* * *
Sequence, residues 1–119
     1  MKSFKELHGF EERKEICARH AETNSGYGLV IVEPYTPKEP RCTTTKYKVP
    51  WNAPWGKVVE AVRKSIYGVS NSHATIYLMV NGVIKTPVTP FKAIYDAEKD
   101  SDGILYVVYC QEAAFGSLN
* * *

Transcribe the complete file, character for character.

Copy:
Sequence, residues 1–119
     1  MKSFKELHGF EERKEICARH AETNSGYGLV IVEPYTPKEP RCTTTKYKVP
    51  WNAPWGKVVE AVRKSIYGVS NSHATIYLMV NGVIKTPVTP FKAIYDAEKD
   101  SDGILYVVYC QEAAFGSLN